ITHACA, N.Y. (WWTI) — Scientists in New York are linking the spread of new deadly diseases impacting the state’s native wildlife to climate change.

Since 2020, Cornell University’s College of Veterinary Medicine Wildlife Veterinarian Elizabeth Bunting has been working to combat the spread of biting midges, causing deadly diseases in mammal populations such as deer.

According to Cornell, in the fall of 2020 when a storm hit the Northeastern United States, biting midges known as Culicoides midges, were swept up into the region and deposited across New York.

Once present in the State, they began biting native deer populations, and soon after, deer in the Hudson Valley began showing symptoms of epizootic hemorrhagic disease, which is spread by the midges. These symptoms included weakness, bruising, swollen tongue and loss of fear of humans.

These symptoms among deer populations were observed by a NYS Department of Environmental Conservation Field Biologist, who contacted Bunting at Cornell.

Cornell said that Bunting was aware that epizootic hemorrhagic disease could spread to both wild deer and captive herds and cattle so she alerted partners across the state about the outbreak through the New York State Wildlife Health Program, which allowed partners and the DEC to begin control methods.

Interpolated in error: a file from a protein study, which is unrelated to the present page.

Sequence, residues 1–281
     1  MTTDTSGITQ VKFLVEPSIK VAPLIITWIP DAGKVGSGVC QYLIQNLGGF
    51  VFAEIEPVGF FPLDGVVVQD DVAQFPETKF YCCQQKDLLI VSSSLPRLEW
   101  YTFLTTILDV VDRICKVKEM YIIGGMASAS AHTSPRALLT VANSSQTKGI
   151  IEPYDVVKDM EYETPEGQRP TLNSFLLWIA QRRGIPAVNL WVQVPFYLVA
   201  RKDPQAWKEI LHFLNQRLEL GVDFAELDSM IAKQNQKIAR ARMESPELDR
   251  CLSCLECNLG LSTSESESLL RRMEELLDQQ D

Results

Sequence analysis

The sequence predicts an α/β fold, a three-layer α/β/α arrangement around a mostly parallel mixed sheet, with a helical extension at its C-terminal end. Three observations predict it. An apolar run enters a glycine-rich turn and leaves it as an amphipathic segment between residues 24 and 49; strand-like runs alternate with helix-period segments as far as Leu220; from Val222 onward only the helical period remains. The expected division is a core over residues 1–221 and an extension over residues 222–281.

This program is led through a partnership with Cornell and the DEC to coordinate responses when disease strikes New York’s wild animals.

Although the outbreak only killed about 1,500 wild deer that fall, Bunting warned that the spread of new diseases like epizootic hemorrhagic disease is linked to climate change.

“Because of climate change, we are seeing more insect-borne diseases moving into New York,” Bunting said in a press release. “Collecting data from these outbreaks helps us to investigate the why, how and where so that the agency can make sound management decisions.”

To combat diseases like epizootic hemorrhagic disease, spread by pests and linked to climate change, Cornell is working to continue its Wildlife Health program. In April 2021, the DEC renewed the Wildlife Health Program for a third five-year contract, this time for $6.4 million.

Cornell confirmed that the program examines 1,600 wildlife annually and generates and centralizes diagnostic data, perform epidemiological modeling, advise on health-related policy, and make it all easily accessible to the state and public.